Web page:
In a recent survey of people who stutter, 86% of respondents agreed with the statement, “Stuttering has, at times, interfered with my job performance.”
Stuttering and other fluency issues can cause issues in the professional world on several levels. Often the speech difficulty itself isn’t the issue. Rather, the person who stutters may lack confidence in their ability to communicate, and refrain from saying what they want to say in certain situations or to certain people. Often the individual has had a lifetime of stuttering but has never sought the services of a speech-language pathologist. Their confidence is down. In their mind their stuttering (or dysfluency) is not nearly as obvious to the listener as the individual things. They are hesitant to speak in front of others. This hesitancy in speech can greatly affect overall communication and subsequently, job performance. In today’s business world, public speaking is required in most positions. Public speaking can be everything from the manner in which one communicates with their boss and colleagues to the formal presentation to present your product or service.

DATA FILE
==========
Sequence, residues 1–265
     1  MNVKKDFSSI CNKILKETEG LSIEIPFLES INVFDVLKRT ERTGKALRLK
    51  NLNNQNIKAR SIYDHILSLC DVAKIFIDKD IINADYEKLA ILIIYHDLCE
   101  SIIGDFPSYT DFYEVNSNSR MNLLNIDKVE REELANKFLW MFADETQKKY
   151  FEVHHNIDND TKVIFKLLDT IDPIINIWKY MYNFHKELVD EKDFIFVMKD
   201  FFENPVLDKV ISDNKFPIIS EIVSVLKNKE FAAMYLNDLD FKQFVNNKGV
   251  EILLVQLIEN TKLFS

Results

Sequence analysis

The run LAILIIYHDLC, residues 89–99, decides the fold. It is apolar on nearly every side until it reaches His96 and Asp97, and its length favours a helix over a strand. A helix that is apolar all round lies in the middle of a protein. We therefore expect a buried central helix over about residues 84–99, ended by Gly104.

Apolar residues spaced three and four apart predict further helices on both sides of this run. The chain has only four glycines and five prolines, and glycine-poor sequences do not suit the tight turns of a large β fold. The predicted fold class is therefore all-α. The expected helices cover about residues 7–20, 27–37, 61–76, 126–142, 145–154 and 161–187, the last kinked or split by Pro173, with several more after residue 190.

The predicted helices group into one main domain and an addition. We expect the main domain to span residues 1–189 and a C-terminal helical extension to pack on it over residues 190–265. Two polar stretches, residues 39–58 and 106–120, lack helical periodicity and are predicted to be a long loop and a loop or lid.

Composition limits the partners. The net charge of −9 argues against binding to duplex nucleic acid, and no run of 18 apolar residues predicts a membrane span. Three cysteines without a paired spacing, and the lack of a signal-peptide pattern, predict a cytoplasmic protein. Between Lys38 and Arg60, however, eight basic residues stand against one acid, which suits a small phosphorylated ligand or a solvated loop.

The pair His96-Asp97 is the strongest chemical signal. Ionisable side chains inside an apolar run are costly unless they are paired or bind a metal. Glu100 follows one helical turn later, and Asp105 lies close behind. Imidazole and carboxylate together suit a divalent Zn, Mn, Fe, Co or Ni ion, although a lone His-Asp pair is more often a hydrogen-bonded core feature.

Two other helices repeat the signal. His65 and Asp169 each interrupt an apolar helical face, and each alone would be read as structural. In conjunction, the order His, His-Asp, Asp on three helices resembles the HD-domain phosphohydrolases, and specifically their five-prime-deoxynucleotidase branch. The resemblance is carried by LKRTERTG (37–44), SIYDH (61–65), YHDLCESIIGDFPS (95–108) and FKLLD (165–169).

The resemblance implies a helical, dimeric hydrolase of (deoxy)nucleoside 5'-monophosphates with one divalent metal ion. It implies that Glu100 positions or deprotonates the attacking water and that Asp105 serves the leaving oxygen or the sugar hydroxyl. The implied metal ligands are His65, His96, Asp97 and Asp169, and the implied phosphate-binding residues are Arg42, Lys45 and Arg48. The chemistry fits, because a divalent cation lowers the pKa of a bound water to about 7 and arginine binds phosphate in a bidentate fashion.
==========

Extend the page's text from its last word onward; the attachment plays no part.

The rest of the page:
It’s never too late to get help from a corporate speech-language pathologist for fluency issues. The speech therapist can work with the person who stutters on several levels, teaching techniques to modify stuttering and increase overall fluency. Often, the speech pathologist will also provide counseling designed to build confidence so that the person is better able to speak their mind, with or without a stutter. Through practice the person that stutters can learn to control their speech and gain greater confidence. The very first step is the telephone call.
We receive calls from individuals that stutter quite frequent. Often it is the occasional stutter but other times it is more significant. Last year we received a call from a family member on behalf of their loved one that was dysfluent (stuttered). After obtaining the necessary information from the family member, I asked to speak with the individual that would be receiving the training. Sadly, I was unable to understand even his name on the telephone. Fast forward that story to today: that individual is completely fluent when we speak on the telephone! He has truly mastered the techniques that help him to control the stuttering. We have most definitely impacted his personal and professional life.
The most important point is that it is never too late to learn the strategies to control the dysfluent speech patterns.